Seventy-five years after the end of World War II, we are witnesses to Russia’s unilateral efforts to bring back the outworn Soviet myth and to instill its vision in the entire world. Russian leaders have started rewriting history not only to restore the old myth; they also seek to legitimize their contemporary imperial aspirations. The experience of the latest Russian-Ukrainian war, the armed stage of which started in 2014, proved that the manipulation of history for Putin is the first stage of a hybrid war. Today its target is the whole Central Eastern European region.

«The monopolized and mystified history of World War II has become a powerful means of the Kremlin propaganda. The 75th anniversary of its end provided the Kremlin with an excellent opportunity for new informational special operations. Their victim is not only the historical truth, but the mind and conscience of millions of people – in Russia and beyond. We are looking for an answer. It cannot be symmetrical: we have neither those propagandistic resources the Kremlin possesses, nor that cynicism and brazenness, that “hutzpa” it demonstrates invariably – in both international and domestic relations. We can only answer with truth, as pathetic and, probably, naive as it may sound. This is not just about the facts, for overall they are generally known or at least public. This is also about the depth of their interpretation, the breadth of understanding, the comprehensive contextualization and relevance. Our answer is not a military parade and not rattling of propagandistic stamps, but a solemn analysis of World War II and all of its implications for our region».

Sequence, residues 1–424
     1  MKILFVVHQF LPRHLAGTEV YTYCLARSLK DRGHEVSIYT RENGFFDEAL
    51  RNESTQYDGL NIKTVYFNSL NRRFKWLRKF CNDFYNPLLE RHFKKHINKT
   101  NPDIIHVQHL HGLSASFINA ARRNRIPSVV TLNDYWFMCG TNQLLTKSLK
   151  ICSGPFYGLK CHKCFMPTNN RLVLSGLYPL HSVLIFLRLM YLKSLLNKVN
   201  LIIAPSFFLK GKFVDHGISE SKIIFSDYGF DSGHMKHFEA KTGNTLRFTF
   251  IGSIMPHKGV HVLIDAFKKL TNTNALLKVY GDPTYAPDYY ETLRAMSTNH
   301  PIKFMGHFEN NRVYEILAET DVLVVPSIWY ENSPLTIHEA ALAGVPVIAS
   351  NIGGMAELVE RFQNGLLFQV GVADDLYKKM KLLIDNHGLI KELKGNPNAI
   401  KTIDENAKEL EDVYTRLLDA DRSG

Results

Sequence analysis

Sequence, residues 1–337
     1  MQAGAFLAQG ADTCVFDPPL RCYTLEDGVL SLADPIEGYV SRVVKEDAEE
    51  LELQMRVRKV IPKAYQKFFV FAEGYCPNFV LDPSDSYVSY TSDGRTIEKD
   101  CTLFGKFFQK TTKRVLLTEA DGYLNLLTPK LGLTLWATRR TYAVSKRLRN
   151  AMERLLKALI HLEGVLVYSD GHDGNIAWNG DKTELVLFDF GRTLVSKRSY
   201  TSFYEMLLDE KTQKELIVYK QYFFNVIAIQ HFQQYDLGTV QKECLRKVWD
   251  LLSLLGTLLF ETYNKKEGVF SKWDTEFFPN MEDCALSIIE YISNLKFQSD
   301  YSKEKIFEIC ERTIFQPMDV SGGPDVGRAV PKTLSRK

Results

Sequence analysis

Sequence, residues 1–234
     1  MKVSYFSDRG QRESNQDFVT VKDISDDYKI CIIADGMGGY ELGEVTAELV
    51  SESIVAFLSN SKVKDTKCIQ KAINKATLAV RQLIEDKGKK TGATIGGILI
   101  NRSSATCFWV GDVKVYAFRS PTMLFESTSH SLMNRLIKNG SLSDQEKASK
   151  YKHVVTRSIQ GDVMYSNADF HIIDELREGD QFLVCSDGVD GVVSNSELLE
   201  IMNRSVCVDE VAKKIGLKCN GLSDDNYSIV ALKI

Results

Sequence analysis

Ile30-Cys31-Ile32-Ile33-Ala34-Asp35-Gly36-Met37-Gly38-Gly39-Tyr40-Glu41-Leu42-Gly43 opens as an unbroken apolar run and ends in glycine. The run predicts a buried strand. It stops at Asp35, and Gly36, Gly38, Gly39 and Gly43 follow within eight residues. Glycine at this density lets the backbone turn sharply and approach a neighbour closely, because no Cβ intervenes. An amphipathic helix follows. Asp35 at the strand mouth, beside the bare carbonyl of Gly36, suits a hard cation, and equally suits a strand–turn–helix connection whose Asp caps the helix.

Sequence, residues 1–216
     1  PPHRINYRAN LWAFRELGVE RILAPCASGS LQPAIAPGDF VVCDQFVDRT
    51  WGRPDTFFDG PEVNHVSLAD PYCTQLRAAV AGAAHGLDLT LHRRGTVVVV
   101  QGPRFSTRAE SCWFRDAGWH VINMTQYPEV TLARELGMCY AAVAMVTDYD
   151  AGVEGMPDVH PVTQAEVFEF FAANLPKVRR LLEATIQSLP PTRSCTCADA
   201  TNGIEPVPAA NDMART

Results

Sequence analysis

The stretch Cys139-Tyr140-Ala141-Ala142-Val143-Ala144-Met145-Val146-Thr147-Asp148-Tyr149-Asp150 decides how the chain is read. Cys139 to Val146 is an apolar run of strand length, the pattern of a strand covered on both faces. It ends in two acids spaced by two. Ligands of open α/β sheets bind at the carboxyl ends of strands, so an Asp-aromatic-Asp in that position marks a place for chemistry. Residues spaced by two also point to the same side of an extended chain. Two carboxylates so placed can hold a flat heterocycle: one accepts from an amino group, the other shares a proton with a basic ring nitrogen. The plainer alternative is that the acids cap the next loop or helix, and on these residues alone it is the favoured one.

Articles [UA]:

Mykola Riabchuk, honorary president of the Ukrainian PEN Centre, Сhairman of the organizing committee of the project Peace and War.

PEN Ukraine - UA | EN

Andriy Kurkov, writer, member of the organization committee, president of the Ukrainian PEN Centre.

PEN Ukraine - UA | EN

«In my view, it is important to talk about the events which influence even our present life. The history of World War II changes because its new pages, new archives are being discovered. Apart from this there is a particular slab, a slab of personal experience. It was certainly the experience of the participants or witnesses, or those who lived under the occupation, but now this experience is turning into information for descendants. Of course, this also changes our perception of the war. Each one of us has to understand what this war is today, what it was then, and how it may be used against us, what will it mean for us, the fact that the war did not end for us. This conversation is not just about concepts and different views about the political aspect and causes of war, but also about respect for the human being, respect for personal experience, and perhaps we will learn to listen to one another and understand that experience and information are different things».

«It is a major event for Ukraine, for our professionals, historians, public activists and many who care about both the memory of that war, which at the time claimed an unprecedented number of lives, and the current context, when they attempt to use the memory of it in order to justify the imperial ambitions to again cast doubt on the right of peoples to define their independence, their own path in history. That is why this war has not ended yet. It lasts in those heated discussions which, unfortunately, overshadow our present. This unprecedented marathon gives the opportunity for journalists, historians and politicians to unite to once again look at the lessons we may learn, take with us into the future, not only to prevent the physical war, but to prevent manipulations on the subject of the war allowing unscrupulous politicians and entire countries resort to the revision of history, question the independence and sovereignty of other countries».

Oleksandr Sushko, political analyst, executive director of the International Renaissance Foundation.

Wikipedia - UA


Module 1st

Module 2nd

Module 3rd

Module 4th


Conference Organizing Committee:

Yevhen Bystrytskyi, Myroslaw Czech, Mustafa Dzhemiliev, Leonid Finberg, Ola Hnatiuk, Polina Horodyska, Mykola Kniazhytskyi, Andriy Kurkov, Myroslav Marynovych, Rostyslav Pavlenko, Serhii Plokhii, Mykola Riabchuk (the Head of the Committee), Olena Styazhkina, Tetyana Teren, Volodymyr Yermolenko, Yosyf Zisels.